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Useful Facts and Figures - Environmental Arguments for Rail Freight

FreightlinerTransport is the fastest growing source of climate change. Road transport is responsible for nearly one quarter of total UK greenhouse gas emissions. Unlike other parts of the economy, where significant progress has been made to reduce greenhouse gas emissions, road transport emissions have actually increasedby 1% since 1990. Improvements in fuel efficiency mean that CO2emissions per mile are reducing over time, but this has been offset by an increase
in vehicle mileage.

Freight is a big CO2 emitter

  • There is a significant opportunity to reduce transport emissions by shifting freight from road vehicles to rail. In total, road freight (Heavy Goods Vehicles and light vans) was responsible for one third of total greenhouse gas emissions from transport in 2015. Source EIS (2017) ‘Final UK greenhouse gas emissions national statistics: 1990-2015
  • By contrast, the total greenhouse gas emissions from rail (including both freight and passengers combined) are an order of magnitude lower at less than 2% of total UK transport emissions.
  • As rail freight produces 76% less CO2 emissions than the equivalent HGV journey, increasing rail freight is an important part of the DfT’s policy to reduce freight’s emissions and help the UK meet its legally binding Climate Change targets. Source DfT Rail Freight Strategy September 2016
  • HGVs contribute 17 per cent of surface access CO2 emissions, despite making up only 5 per cent of road vehicles whereas both passenger and freight rail together are less than 2 per cent. Source DfT Rail Freight Strategy September 2016
    Air Pollution
    Rail freight can be part of the solution to reduce air pollution. Currently, 40,000 people die prematurely in the UK from diesel fumes wide-spread air quality violations, especially in cities like London and Manchester which are already exceeding their NOX emissions limits.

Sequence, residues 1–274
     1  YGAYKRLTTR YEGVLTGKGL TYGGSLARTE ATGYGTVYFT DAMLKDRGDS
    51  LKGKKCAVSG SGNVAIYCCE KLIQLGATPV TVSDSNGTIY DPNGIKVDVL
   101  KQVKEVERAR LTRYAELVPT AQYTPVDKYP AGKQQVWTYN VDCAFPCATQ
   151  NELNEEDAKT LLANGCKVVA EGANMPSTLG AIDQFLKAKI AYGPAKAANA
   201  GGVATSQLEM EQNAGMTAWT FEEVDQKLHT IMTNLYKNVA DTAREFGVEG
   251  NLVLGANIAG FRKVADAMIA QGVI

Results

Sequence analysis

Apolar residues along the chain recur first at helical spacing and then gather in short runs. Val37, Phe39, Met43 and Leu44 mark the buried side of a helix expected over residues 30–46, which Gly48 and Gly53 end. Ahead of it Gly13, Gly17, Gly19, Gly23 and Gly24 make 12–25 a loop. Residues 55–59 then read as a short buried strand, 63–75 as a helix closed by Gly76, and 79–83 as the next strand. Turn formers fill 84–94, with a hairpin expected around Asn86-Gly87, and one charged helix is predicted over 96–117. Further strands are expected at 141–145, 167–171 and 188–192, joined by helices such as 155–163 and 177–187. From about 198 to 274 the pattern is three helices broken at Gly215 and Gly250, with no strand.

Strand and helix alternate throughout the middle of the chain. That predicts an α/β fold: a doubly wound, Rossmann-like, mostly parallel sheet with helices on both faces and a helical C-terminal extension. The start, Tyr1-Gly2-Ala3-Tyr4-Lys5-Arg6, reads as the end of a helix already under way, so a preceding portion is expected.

Rail produces 90 per cent less PM10 particulates and up to 15 times less nitrogen dioxide emissions than HGVs for the equivalent journey. Highways England figures show that HGVs are producing around 50% of the nitrogen oxide pollution from road pollution on the strategic road network even though they only make up 5 per cent of road miles driven in the UK.

    HGVs account for around 21% of road transport NOx emissions while making up just 5% of vehicle miles – DfT Freight Carbon Review February 2017

Freight Transport: Average emissions in grams per tonne-kilometre



















PM10 particulate matter of less than 10 microns;
CO carbon monoxide;
NOx oxides of nitrogen;
CO2 emissions
VOC volatile organic compounds.  Source RSSB 2007

  • Energy efficiency is directly related to carbon dioxide emissions, rail is significantly more energy efficient than other modes with the exception of shipping. a tonne of goods can travel 246 miles by rail as opposed to 88 miles by road on a gallon of fuel 
    Source Network Rail Value of Freight July 2010.
  • While electric technology means car emissions can be reduced significantly, current electric technology is not feasible for HGVs as the batteries would weigh more than the payload of the lorry. 
  • Noise Pollution
    Far fewer people negatively impacted by rail noise than road noise.
    DfT stats: only around 40,000 people are impacted by rail noise, but around 700,000 people are impacted by road noise.

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